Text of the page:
Academic achievement (student learning and academic rigor) is the primary function of a teacher’s role—to cultivate the minds of their students. Culturally relevant teachers hold high and transparent academic expectations and meet students where they are. They know the content, they know the learner, and they know how to teach the content to the learner. They think deeply about what they teach, why they are teaching it, what resources they are using to teach it, and how they are going to teach it based on who their students are as people and as learners. Students are actively creating knowledge influenced by their own lived experiences. Students are able to articulate what they are learning and why they are learning what they are learning.
Cultural competence requires that teachers understand their own cultural background and actively learn about those of their students. In doing so, teachers not only affirm their students’ lived experiences but also empower their students by using their students’ culture as the basis for learning. When cultural competence is playing out as it should, the classroom can be described as full of mirrors and windows. Students see themselves reflected in the classroom (mirrors) and also have opportunities to learn more and see into the lived experiences of others (windows). Students feel respected and affirmed in their multiple identities, and in return, respect and affirm the multiple identities of others.
Sociopolitical consciousness requires teachers to educate themselves and their students on the personal and sociopolitical issues that impact their students, their students’ communities, and the world—and incorporate this into their teaching. This also inherently means that teachers encourage students to think about and consistently question why things are the way they are and help strengthen their students' mindset and belief that they can be agents of social change and transformation. Students are therefore empowered to think and act in ways that challenge the inequitable status quo among people, within communities, and in society at large.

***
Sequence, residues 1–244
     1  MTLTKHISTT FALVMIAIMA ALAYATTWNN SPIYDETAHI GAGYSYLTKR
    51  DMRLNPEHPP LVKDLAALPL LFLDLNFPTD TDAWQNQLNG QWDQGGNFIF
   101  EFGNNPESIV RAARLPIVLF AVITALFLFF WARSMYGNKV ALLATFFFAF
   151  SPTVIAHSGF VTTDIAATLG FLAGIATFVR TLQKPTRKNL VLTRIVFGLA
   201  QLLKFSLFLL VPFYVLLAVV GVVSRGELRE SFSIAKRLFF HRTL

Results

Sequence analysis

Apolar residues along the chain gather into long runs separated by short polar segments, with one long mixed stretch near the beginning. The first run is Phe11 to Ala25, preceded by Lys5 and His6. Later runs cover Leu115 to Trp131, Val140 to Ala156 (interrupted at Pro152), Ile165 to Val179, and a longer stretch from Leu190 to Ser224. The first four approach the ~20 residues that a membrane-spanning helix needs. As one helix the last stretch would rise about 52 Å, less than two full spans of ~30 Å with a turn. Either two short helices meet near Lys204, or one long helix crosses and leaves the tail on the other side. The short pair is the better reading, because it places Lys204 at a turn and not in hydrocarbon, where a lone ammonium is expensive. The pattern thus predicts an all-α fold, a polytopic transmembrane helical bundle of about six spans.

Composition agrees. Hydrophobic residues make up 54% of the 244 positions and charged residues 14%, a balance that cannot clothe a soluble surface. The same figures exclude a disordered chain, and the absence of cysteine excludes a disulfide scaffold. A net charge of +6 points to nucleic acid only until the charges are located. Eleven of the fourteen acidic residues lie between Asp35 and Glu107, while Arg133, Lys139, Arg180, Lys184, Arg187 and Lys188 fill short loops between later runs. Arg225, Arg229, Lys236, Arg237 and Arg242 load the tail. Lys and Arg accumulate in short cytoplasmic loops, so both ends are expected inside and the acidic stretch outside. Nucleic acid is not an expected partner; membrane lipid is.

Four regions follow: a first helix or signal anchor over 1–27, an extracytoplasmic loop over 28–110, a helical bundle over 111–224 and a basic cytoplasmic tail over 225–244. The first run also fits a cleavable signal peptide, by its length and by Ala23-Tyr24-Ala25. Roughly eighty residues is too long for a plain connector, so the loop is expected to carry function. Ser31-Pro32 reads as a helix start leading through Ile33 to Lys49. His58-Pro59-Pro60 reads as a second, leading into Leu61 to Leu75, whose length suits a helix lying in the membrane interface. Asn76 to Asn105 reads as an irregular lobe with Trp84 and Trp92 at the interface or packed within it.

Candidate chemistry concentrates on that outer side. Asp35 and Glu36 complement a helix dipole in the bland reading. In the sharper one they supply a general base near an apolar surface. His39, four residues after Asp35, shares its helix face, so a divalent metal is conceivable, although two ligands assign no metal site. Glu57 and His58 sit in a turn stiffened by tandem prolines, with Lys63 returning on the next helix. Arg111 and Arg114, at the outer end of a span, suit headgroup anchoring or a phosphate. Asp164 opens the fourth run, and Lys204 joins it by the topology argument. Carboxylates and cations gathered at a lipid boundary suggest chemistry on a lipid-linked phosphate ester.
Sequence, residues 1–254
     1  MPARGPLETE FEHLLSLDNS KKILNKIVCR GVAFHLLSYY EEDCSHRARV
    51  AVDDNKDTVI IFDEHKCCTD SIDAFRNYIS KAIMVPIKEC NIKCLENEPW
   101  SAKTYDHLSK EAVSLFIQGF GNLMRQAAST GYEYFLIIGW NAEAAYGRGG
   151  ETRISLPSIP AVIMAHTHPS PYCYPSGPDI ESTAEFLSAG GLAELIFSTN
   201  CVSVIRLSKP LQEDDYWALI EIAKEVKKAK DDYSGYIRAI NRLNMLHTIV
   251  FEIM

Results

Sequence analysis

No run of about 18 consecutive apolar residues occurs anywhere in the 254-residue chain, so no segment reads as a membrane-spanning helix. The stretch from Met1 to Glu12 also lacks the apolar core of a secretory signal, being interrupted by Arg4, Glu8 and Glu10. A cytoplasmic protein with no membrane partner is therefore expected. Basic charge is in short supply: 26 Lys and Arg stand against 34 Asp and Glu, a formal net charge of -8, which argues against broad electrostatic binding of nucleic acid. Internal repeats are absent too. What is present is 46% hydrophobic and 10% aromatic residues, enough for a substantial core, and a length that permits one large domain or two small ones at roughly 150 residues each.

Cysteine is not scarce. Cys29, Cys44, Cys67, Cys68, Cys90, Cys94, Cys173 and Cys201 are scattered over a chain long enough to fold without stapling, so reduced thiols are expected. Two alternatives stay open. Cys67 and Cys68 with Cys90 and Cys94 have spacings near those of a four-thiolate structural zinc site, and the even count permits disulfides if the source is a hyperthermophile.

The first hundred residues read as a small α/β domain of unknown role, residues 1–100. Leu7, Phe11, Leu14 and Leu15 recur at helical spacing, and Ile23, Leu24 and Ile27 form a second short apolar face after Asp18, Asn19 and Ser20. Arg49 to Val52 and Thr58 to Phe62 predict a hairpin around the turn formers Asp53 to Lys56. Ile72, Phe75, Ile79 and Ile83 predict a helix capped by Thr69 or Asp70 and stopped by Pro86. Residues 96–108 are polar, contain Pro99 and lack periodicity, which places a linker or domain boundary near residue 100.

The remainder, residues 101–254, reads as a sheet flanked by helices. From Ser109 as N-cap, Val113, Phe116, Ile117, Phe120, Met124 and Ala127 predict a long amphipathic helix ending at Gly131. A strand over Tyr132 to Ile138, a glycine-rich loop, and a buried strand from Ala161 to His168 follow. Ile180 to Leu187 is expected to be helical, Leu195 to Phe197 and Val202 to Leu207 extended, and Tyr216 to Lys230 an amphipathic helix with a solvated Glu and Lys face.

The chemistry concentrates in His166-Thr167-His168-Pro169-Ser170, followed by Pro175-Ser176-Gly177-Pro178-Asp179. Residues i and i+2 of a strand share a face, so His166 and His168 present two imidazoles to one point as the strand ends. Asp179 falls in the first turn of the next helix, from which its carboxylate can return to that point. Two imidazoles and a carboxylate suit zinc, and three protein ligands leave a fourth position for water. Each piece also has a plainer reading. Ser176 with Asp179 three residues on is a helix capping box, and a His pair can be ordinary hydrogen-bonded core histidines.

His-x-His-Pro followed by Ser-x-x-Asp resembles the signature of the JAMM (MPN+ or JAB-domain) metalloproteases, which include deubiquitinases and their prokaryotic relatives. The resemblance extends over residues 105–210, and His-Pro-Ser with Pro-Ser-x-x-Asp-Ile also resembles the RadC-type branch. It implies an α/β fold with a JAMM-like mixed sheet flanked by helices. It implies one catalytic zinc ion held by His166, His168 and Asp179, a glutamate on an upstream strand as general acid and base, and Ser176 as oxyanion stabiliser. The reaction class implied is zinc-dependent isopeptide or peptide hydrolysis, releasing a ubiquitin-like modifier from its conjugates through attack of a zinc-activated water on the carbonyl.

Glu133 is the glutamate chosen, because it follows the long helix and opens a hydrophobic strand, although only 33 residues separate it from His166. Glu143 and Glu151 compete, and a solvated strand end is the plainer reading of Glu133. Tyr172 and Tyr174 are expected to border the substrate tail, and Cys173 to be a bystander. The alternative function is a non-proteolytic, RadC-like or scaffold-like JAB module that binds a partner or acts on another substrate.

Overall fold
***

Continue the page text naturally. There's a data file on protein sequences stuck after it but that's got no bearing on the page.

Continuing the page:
So, How Do I Do it?
As Dr. Gloria Ladson-Billings states, a common misconception when engaging with CRP is believing that successful teaching is primarily about what to do. The truth is that successful teaching is primarily about how we think—about our students, their communities and broader social contexts and about our curriculum, our instruction, and our role as teachers.
In life, our beliefs drive our actions, and the same is true in teaching. Culturally Relevant Pedagogy is more of a way of being or way of thinking that then manifests into ways of doing. CRP is not something that we incorporate or add-on to our teaching—it is the foundation that grounds and informs every aspect of our instructional practice; it is the lens through which we approach our work.